January 2, 2007
The Hiking chapter of the Boy Scout Handbook describes how to have a fun and safe hiking experience. Here are some key things to keep in mind.
Respect wildlife. Leave flowers and plants for others to enjoy.
Treat all trail users with respect and courtesy.
Respect private property and the privacy of people living along the trail. (Note: If you see someone else making a pit stop and they did not get out of sight, turn your back. Do not stare at them. In general, this is much more important if a woman is involved. This is a very important etiquette item!)
Don't cut switchbacks. It can take as much as 80 person-hours to rebuild a switchback. Many of them have been rebuilt by Troop 849 Eagle projects. Almost all work done on trails in the local mountains is done by volunteers from Scouts or the Sierra Club.
Do not create new trails parallel to the original one. Creating your own trail or cutting switchbacks creates erosion, damages habitat and causes new trails which can't be maintained. If you must walk off the trail for whatever reason, try to walk on rocks. Keeping a little mud off your boots is not a good reason to walk off the trail.
No running. It is very dangerous for you and for others.
Leave no trace. And pack out your litter.
Do give other people the right-of-way. Step aside and let oncoming people through. (There is a proper trail etiquette that dictates who has the right-of-way, but it is much easier, and nicer, to give everyone else the right-of-way.)
Do not hold up faster people coming up from behind. Let them pass by stepping off the trail. Your action will be much appreciated, and you would want the same consideration.
When you step off the trail to let someone pass, choose the uphill side if there is one. That way you if you accidentally get bumped you won't go sliding downhill. Also, it is easier on the trail as the downhill side is easily damaged.
Do not pass without permission. If your hiking group is faster, patiently wait for the party ahead of you to allow you to pass. Announce yourself if necessary.
Horses have the right-of-way. They may not be accustomed to people with backpacks and may tend to shy away from these "big strange animals". (Some horses, I'm told, think we are Martians. Go figure.) Try to get off of the trail by about 20 feet, with everyone on the same side of the trail. Or ask the rider for instructions since he knows the horse's temperament. You can talk softly but stand still. Keep facing them as they pass so the backpacks are partially hidden. Do not make any rapid movements as a spooked horse in tight quarters can be very dangerous!
Do not block the trail or path. Be especially mindful of this when taking a rest break.
Troop 849 procedures
No one passes the pathfinder. The "pathfinder", or trail leader, is a Scout who takes the lead. (Once in a while an adult will be the pathfinder but this is not very common.) The pathfinders' job is lead the group and keep them together. To do this he must: 1) set a pace that is reasonable for everyone, 2) stop at all trail junctions, 3) stop at stream crossings, 4) stop and wait whenever the trail sweep has not been seen for 5 minutes, and 5) stop at the designated time for the next rest stop. Anyone can lead the troop on a hike. Be sure to volunteer.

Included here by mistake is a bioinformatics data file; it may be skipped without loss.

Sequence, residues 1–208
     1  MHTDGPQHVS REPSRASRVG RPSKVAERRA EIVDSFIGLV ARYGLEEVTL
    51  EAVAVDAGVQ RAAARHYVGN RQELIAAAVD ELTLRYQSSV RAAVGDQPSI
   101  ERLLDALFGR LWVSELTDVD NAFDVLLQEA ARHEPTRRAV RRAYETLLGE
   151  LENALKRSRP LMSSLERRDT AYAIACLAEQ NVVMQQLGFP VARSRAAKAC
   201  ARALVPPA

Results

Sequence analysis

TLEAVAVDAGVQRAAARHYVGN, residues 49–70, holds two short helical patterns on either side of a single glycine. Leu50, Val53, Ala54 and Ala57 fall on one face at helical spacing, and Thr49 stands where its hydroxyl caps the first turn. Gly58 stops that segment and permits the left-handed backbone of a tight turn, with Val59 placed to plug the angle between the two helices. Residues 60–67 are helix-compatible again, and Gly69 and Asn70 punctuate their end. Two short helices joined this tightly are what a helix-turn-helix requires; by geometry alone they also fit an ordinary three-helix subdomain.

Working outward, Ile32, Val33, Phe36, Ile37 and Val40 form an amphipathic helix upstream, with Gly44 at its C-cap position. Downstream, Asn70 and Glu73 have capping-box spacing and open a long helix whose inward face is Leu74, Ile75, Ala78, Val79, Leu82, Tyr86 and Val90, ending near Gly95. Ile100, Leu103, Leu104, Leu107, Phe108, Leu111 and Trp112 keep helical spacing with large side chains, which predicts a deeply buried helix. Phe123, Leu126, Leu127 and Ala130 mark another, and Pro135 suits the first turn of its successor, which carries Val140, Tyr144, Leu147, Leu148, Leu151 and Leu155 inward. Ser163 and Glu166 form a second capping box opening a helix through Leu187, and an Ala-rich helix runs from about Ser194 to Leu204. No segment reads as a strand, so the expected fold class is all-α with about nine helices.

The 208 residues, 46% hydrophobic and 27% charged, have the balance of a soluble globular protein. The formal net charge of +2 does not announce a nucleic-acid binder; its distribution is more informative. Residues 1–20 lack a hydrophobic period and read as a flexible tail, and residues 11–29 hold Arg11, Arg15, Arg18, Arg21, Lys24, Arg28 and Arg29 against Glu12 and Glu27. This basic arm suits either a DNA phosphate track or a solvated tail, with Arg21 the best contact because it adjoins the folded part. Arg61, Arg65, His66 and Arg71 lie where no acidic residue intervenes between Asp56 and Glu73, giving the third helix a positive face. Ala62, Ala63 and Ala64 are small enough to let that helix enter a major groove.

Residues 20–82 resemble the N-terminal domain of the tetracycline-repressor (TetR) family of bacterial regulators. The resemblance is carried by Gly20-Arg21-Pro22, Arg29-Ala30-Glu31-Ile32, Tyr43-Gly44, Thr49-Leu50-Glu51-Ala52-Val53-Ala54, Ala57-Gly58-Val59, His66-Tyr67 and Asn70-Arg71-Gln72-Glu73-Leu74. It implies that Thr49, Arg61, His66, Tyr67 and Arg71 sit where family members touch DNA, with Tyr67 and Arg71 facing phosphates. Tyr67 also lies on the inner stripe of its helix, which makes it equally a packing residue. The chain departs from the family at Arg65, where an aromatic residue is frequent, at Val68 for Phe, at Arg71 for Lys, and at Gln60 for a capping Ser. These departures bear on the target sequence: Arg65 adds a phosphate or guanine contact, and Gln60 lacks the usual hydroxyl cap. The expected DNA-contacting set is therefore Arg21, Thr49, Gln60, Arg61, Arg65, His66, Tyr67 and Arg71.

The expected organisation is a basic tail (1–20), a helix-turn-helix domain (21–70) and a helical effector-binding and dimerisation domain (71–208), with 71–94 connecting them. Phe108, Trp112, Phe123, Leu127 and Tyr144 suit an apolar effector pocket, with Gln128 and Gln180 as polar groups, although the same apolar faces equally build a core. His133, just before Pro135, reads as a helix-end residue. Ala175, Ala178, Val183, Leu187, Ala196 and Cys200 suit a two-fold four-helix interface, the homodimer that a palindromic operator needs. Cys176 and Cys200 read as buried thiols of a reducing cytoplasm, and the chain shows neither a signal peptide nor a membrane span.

Stop at all trail junctions. This is for the safety of the group as well as yourself. If you don't stop and the rest of the group goes the other way, guess who is lost. You are, even if you are the only one to go the correct way! Wait at trail junctions until the whole group arrives and the Hikemaster says it is ok to proceed.
At stream crossings, proceed one at a time. Unbuckle your waistband and chest strap so you can get out of the pack easily if you fall in the water. Do not go bare foot at stream crossings. Injured feet may ruin your entire hiking trip. Be mindful of slippery and unstable rocks and logs. If the person ahead of you finds a good path to cross, follow his lead. Once you cross, wait on the other side out of the way of others. Do not leave until everyone is across.
Stay behind the person in front of you by at least 10 feet. This is minimum spacing, especially when you have a slow person with others stacked up behind. You need this spacing to keep from running over a person that trips, stumbles, or comes across a snake. You wouldn't want to be so close that you push him into a rattle snake! This is the hardest rule of all because it is natural to want to walk close behind.
When making a pit stop, leave your pack next to the trail, but not on it. Tell someone before leaving the trail unless it's "urgent". That person should wait there for you. Take your pit stop out of sight if possible, but stay within voice communication distance in case you need help.
No one gets behind the trail sweep. He is always last and stops for any person having difficulty. The Hikemaster is generally the trail sweep, although he may designate another adult.
And finally, some Do's
DO kick rocks off the trail. (Gently of course.) This is something that has to be done as part of general trail maintenance, so it is nice to help.
DO break off branches that are in the way for normal trail walking. This again is something that has to be done as part of general trail maintenance, so it is nice to help.
DO move fallen branches out of the way. Once again this is something that has to be done as part of general trail maintenance.
DO pick up trash you see on the trail.
Contents of this page provided by Tom Thorpe.
©2017 Boy Scout Troop 849, Manhattan Beach, CA. http://troop849.org/